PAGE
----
Legal gun owners, across time periods and data sources, possess several distin- guishing attributes. Research suggests that legal gun owners are more likely to be White, male, and Protestant and from small towns and rural areas of the South (e.g., Dixon and Lizotte 1987; Wright and Marston 1975). A typical gun owner is also married and a Republican (Adams 1996). Gun ownership increases with age (Lizotte and Bordua 1980) and is highest among the middle aged (T. W. Smith 2001). Although Adams (1996) and T. W. Smith (2001) both find that gun owner- ship rates increase with income, T. W. Smith finds that education is a poor predictor of gun ownership. The traits of the typical gun owner—White, male, Protestant, middle class, and Republican—are also associated with individualism, an issue to be discussed later.

Although explanations of legal gun ownership vary, gun owners offer two prin- cipal justifications: defensive and recreational purposes. The research suggests that the majority of firearms are owned for recreational purposes (which includes


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sporting, hunting, and collecting), although the “hunting heritage” is declining (Spitzer 2004). Lizotte, Bordua, and White (1981) add that those who own guns for recreational use can be distinguished from other gun owners as they constitute a separate “sporting gun culture.” The “recreational subculture” is transmitted intergenerationally and is positively associated with both Southern residence and defensive gun ownership. Thus, it seems plausible that this type of gun owner- ship, so closely related to the “frontier heritage,” is also strongly associated with the values of utilitarian individualism: self-determination and self-reliance.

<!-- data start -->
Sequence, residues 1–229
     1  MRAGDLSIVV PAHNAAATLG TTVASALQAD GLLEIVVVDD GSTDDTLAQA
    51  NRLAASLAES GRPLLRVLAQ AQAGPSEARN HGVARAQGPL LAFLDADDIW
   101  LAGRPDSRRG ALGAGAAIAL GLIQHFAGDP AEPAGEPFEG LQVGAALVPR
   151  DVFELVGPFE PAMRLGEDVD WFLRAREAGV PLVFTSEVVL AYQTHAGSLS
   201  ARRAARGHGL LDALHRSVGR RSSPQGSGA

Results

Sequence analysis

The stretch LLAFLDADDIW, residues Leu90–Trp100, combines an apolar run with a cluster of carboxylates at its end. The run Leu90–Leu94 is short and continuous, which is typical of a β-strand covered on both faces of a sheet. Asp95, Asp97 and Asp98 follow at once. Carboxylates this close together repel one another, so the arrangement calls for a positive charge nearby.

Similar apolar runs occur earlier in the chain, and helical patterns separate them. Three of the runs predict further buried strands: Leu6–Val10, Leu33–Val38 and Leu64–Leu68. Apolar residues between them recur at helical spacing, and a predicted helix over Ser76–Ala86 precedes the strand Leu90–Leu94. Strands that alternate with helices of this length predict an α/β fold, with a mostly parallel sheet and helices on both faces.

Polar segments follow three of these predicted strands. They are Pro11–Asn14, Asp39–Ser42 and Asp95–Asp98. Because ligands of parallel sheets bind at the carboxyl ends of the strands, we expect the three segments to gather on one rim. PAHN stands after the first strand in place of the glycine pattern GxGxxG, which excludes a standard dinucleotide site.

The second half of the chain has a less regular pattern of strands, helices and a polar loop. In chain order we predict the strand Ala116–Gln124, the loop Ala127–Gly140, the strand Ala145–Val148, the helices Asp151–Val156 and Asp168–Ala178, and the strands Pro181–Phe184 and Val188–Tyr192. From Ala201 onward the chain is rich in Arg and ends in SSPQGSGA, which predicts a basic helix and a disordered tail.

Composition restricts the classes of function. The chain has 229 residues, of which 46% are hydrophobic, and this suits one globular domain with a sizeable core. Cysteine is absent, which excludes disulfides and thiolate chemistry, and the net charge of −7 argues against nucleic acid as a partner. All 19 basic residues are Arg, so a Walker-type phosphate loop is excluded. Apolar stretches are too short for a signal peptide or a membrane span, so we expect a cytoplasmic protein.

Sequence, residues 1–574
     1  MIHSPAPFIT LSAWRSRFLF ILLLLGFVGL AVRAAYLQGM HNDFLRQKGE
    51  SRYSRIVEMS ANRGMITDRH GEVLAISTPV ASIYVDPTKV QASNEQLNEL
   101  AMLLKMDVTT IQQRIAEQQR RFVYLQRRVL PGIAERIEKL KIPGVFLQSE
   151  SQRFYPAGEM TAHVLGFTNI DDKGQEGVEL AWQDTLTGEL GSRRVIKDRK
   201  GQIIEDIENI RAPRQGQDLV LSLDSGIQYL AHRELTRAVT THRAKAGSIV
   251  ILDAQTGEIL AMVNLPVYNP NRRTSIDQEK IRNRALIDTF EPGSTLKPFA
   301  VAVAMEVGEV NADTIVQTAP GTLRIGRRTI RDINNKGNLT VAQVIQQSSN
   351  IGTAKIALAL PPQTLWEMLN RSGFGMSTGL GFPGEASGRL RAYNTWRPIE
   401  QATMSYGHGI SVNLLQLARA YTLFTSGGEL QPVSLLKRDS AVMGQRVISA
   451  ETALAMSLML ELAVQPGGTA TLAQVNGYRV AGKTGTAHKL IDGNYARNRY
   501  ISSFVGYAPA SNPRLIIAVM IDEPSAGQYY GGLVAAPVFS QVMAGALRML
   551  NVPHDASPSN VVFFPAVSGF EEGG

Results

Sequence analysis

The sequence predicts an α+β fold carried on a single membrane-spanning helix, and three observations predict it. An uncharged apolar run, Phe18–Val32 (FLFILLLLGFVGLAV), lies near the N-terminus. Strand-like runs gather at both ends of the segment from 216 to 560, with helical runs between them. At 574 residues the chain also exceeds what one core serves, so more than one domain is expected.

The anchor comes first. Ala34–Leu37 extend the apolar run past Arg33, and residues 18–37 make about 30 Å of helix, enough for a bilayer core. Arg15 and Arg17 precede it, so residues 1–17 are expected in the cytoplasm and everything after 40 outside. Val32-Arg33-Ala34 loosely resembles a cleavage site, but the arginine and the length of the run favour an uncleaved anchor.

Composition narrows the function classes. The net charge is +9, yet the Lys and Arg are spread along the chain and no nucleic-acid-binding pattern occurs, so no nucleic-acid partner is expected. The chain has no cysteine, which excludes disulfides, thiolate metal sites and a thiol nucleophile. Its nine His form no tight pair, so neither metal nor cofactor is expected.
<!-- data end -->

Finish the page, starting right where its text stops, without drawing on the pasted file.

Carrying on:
Another large category of weapon ownership comprises individuals who own guns for defensive purposes. Adams (1996) identifies two theoretical explanations of defensive gun ownership: acute fear of crime and past victimization experience as well as lack of faith in collective security. The first explanation has received mixed support (see, e.g., DeFronzo 1979 on the reciprocal relationship between fear of crime and weapon ownership). On the other hand, the second explanation finds broader support (Adams 1996; D. A. Smith and Uchida 1988) and can be viewed as an expression of individualistic values. These two explanations of defensive gun ownership, of course, may be mutually reinforcing.